Posted Nov 01, 2007 08:53 pm CDT
Unlike class reunions, where former classmates can see for themselves who has aged well and who hasn’t, the alumni newsletter presents “facts” that are taken on faith.
“Wow, that guy who hardly ever showed up for class is now VP of a large corporation. Who’da guessed?”
If it’s printed, it must be true, right? If that’s your belief, then you’ll believe that Ross Weil, a 2002 graduate of American University, married his “life partner,” Brett Royce, a 2001 graduate. You’ll also believe that Weil was named chief operating officer of the “Gay Rights Brigade.”
Here’s the thing: Both men claim they are not married to each other, and, in fact, are not gay. In a lawsuit filed in August, Weil and Royce allege libel, defamation and malice, as well as “reckless and gross negligence” on the part of the university. They are seeking damages of $750,000 each.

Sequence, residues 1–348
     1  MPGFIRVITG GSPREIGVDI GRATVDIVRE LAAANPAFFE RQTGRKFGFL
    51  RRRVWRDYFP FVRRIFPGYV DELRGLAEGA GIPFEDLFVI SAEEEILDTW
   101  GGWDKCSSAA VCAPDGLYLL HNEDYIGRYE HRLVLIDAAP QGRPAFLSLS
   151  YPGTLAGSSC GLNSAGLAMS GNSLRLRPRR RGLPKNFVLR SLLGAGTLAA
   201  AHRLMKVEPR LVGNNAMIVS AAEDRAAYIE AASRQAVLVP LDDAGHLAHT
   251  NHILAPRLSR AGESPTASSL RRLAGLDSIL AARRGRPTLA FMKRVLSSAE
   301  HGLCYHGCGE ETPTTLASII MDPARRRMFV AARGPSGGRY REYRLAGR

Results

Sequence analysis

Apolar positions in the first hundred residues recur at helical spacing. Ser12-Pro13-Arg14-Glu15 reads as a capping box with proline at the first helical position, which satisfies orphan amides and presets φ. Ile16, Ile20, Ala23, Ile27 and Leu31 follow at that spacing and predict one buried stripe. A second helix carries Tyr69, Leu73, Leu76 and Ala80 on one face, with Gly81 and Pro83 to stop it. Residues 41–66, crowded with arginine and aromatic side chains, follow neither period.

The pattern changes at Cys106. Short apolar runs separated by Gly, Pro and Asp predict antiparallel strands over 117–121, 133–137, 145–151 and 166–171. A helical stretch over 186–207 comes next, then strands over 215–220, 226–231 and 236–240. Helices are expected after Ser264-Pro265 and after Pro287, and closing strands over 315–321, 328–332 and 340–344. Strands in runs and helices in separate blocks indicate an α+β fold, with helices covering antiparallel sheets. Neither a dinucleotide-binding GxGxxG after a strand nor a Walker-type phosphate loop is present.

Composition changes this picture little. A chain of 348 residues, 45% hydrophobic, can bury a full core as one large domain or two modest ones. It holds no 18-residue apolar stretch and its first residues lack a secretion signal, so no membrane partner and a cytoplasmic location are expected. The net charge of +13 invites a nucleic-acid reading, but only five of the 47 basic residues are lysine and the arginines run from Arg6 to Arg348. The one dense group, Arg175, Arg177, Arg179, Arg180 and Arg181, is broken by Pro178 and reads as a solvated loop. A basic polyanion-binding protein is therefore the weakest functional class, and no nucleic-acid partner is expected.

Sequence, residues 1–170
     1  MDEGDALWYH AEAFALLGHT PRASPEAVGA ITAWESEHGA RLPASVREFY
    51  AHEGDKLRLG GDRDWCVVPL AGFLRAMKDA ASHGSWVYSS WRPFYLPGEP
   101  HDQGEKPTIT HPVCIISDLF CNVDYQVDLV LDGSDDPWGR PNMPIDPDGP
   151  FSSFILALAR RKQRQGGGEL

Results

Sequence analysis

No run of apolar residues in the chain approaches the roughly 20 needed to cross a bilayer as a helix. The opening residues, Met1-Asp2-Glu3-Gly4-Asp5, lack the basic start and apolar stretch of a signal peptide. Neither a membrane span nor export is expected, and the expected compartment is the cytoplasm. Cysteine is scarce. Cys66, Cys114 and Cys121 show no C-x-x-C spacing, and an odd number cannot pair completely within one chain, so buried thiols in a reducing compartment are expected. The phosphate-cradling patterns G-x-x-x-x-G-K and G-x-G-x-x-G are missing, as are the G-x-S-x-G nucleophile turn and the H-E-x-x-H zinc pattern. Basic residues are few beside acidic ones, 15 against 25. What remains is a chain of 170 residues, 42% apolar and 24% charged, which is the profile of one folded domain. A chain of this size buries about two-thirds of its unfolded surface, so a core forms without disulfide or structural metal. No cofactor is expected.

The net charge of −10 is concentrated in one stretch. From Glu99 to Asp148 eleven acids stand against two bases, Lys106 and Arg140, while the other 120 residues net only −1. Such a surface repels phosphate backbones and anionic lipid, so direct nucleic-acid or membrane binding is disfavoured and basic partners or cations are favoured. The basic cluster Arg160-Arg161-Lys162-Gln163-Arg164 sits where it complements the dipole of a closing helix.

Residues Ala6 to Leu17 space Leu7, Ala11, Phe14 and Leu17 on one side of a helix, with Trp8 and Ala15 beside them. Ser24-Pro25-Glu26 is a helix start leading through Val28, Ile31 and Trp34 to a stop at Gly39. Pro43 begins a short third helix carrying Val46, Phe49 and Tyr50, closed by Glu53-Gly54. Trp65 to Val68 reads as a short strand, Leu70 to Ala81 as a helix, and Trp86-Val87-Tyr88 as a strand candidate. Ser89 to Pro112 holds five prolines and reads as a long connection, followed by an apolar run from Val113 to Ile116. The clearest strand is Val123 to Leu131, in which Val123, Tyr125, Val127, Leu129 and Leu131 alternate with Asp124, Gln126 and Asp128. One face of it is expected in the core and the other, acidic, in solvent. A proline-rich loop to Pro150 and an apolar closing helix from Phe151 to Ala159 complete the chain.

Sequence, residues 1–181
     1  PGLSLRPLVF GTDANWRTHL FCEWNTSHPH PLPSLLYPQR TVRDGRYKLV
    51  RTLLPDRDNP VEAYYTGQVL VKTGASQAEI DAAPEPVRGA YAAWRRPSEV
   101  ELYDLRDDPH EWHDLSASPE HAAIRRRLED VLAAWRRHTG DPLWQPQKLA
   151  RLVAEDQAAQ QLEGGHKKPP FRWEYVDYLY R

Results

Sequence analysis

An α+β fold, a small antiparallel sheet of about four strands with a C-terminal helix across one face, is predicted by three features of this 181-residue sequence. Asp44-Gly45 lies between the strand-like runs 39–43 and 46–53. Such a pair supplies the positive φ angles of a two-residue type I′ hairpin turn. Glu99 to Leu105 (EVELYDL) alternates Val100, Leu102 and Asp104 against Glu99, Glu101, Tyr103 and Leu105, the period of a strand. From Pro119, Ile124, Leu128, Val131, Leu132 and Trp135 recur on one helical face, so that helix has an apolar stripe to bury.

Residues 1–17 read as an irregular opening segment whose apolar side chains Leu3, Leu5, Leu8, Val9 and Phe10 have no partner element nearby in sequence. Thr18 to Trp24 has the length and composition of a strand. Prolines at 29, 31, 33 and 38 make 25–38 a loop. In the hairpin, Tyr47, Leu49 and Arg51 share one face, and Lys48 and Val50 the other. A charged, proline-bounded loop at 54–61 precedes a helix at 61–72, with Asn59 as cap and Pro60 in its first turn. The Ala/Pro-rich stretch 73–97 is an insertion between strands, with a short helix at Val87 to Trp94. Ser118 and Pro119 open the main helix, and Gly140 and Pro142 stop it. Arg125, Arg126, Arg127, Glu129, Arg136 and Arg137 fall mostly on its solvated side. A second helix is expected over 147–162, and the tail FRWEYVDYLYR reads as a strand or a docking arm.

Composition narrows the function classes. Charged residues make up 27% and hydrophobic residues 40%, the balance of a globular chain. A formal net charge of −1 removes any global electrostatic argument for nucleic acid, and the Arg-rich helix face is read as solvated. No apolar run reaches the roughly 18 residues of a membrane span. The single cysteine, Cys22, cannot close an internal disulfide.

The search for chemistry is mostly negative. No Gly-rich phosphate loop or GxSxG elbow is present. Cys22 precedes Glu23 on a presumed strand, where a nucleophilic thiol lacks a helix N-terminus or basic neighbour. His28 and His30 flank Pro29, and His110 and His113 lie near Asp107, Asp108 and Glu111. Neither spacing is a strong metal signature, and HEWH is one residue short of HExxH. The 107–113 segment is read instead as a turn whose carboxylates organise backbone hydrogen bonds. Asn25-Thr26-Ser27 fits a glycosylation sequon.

Spokeswoman Maralee Csellar says staffers of the newsletter normally contact alumni if information about them is unclear or incomplete. As to whether the item about Weil and Royce was a prank, Csellar says the incident is under investigation.
“This is a very serious matter,” says Michael A. Kaufman of New York City, who represents both men. “The university published false statements about my clients’ sexuality,” he says, and misrepresented how Weil makes his living. In a separate statement, Kaufman was quoted as saying the case “has nothing to do with homophobia.”